Stoke - Stoke-on-Trent

Stoke Crest

Notice that the town is correctly called Stoke-upon-Trent, as distinct from the city, which is Stoke-on-Trent. In practice, local people know the town of Stoke-upon-Trent by the simpler and shorter name of Stoke.

The towns of Stoke, Penkhull and Boothen were incorporated as the Borough of Stoke-upon-Trent in January, 1874.

Arnold Bennett referred to the ton of Stoke as Knype in his novels centred on the Potteries towns.



Also see: 'the Six Towns' -  Stoke
The resources and transcripts on this page are from GenUKI - the leading Internet genealogical resource in the UK

See: GenUKI on Staffordshire
see: GenUK on Staffordshire Towns and Parishes



History of Stoke


A surname index only of the 1851 census for the Stoke-upon-Trent area is included in the 1851 Staffordshire Census Surname Index, Vol 5, Parts 1 & 2, Stoke-upon-Trent, published by the Birmingham and Midland SGH.

Stoke-upon-Trent parish formed its own Union following the Poor Law Amendment Act of 1834.
Stoke Union had a total population of 47,925 in 1841.
The Workhouse, at the Spittal, in Penkhull, was built in 1833, and afterwards enlarged with accommodation for more than 600 paupers.

FROM PIGOT'S TYPOLOGY OF ENGLAND IN 1841 - Staffordshire and the Potteries

STOKE-UPON-TRENT is a market town, and by the reform bill created a borough, entitled to return two members to parliament, in the extensive parish of its name, about one mile and a half east from Newcastle-under-Lyme; situate, as it's name implies, upon the river Trent, and upon the banks of the Grand Trunk Canal. This parish, at present including a district of more than seventeen square miles, and originally of much greater extent, owes its increase in population and opulence to the establishment of numerous potteries, for which its situation, on a navigable river and a great canal, renders it favourable, and for which it has for many years been distinguished. The town contains many handsome houses, commodious wharfs and warehouse, and extensive china and earthenware manufactories, - and is deemed the parish town of the Potteries. The first steam-engine for grinding burnt flint, for the use of the potters, was erected in Stoke. The parish is within the jurisdiction of the county magistrates, and the police is under the superintendence of commissioners appointed by an act of parliament - under the provision of which, also, a chief bailiff is elected, who convenes and presides at all meetings of the inhabitants.


The old church, dedicated to St Peter, has given place to a handsome new one, erected in 1826; it is in the later style of English architecture, and contains one thousand six hundred sittings. The handsome monument erected in the old church to the memory of the highly respected Josiah Wedgwood, Esq., where he was interred in 1795, has been put up in the new church. The benefice is a rectory. Throughout the parish there are places of worship for the various classes of dissenters; and in the town is a handsome and commodious school, in which upwards of five hundred children are instructed upon the national plan. The market is held on Saturday, and an annual wake on the first Monday in August.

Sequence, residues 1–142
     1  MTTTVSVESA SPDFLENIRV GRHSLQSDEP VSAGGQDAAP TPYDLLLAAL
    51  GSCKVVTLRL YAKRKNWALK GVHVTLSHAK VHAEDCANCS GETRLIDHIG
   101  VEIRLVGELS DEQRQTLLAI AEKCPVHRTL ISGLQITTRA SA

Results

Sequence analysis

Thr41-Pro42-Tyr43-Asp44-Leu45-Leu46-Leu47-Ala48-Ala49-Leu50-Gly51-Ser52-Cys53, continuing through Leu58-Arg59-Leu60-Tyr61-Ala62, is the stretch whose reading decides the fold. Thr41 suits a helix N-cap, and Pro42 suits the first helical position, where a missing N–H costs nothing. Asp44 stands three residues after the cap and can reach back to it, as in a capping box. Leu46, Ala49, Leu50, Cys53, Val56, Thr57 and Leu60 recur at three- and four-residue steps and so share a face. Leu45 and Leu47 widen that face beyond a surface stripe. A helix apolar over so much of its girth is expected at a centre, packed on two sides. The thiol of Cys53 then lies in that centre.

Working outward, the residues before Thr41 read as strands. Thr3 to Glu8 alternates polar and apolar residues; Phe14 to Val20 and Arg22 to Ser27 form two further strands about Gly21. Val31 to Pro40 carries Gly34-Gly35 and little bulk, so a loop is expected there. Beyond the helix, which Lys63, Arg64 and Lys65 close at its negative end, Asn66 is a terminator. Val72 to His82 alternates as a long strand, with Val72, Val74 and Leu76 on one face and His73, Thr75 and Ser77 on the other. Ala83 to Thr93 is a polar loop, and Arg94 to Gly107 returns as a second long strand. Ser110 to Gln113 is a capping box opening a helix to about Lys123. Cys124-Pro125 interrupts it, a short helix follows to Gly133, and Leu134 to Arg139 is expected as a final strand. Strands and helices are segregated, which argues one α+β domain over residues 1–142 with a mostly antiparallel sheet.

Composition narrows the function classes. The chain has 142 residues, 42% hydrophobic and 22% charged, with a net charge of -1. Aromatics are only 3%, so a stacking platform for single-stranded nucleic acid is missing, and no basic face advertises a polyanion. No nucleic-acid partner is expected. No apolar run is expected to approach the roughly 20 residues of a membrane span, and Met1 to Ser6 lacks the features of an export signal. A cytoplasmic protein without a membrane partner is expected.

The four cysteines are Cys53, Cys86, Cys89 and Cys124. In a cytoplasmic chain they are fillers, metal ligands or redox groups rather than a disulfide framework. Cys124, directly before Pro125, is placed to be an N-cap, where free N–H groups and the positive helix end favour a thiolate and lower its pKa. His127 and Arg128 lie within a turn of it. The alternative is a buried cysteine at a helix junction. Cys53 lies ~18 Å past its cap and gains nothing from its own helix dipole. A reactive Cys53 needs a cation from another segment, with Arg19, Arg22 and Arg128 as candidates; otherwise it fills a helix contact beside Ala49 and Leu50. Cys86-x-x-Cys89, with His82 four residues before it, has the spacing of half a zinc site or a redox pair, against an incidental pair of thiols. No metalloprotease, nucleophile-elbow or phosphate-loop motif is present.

Data from Pigots supplied by: Dr David Alan Gatley (Staffs University)

From History, Gazetteer and Directory of Staffordshire, William White, Sheffield, 1851


"The parish of Stoke-upon-Trent comprises about two thirds of the populous district called the Staffordshire Potteries, including all the towns and villages lying south of Burslem and east of Newcastle-under-Lyme. Though now containing upwards of 55,000 inhabitants and about 12,000 acres of land, it was formerly of much greater extent, until it was reduced by an Act of Parliament, passed in 1807, entitled 'An Act for separating the Chapelries and Chapels of Newcastle-under-Lyme, Burslem, Whitmore, Bucknall-cum-Bagnall, and Norton-in-the-Moors from the Rectory and Parish Church of Stoke-upon-Trent, and for making them five distinct rectories'.
Stoke-upon-Trent, the capital, although not the largest town of the borough and parish to which it gives name, is pleasantly situated in the township or liberty of Penkhull-with-Boothen, in a picturesque valley, on the banks of the River Trent and the Trent & Mersey Canal, one and a half miles E of Newcastle-under-Lyme. 

What was properly called Stoke, until about 70 years ago, consisted of only five houses, but the name is now applied to the town, situate at a short distance to the west, under the lofty hill on which stands the large village of Penkhull, which appears to be one of the oldest seats of the earthenware manufacture, for it had three brown ware potteries in 1600. Here are several of the largest porcelain and earthenware manufacturies in the Potteries, and a commodious range of warehouses and wharfs on the Trent & Mersey Canal. Here also are the head offices and station of the North Staffordshire Railway

The other principal villages in the township of Penkhull-with-Boothen, and their distances from Stoke are:
Boothen, one mile S, belonging chiefly to Sir Thomas FF Boughey, Bart.
Basford, one mile NW where there are extensive brick and tile works.
Hartshill, one mile W where there is a handsome new church.
Oak Hill, one mile S, the seat of MD Hollins, Esq.
Trent Vale, one and a half miles S, which has several handsome villas, and extends to Hanford Bridge, and was formerly called Black Lion.
Cliffe Ville, half a mile W, the seat of FW Tomlinson, Esq.
Fenton, in the two manors and liberties of Fenton Culvert and Fenton Vivian, forms a populous suburb, extending from Stoke to Longton, with many neat houses and large china and earthenware manufactories, and the hamlets of Lane Delph, Foley, and Sideaway.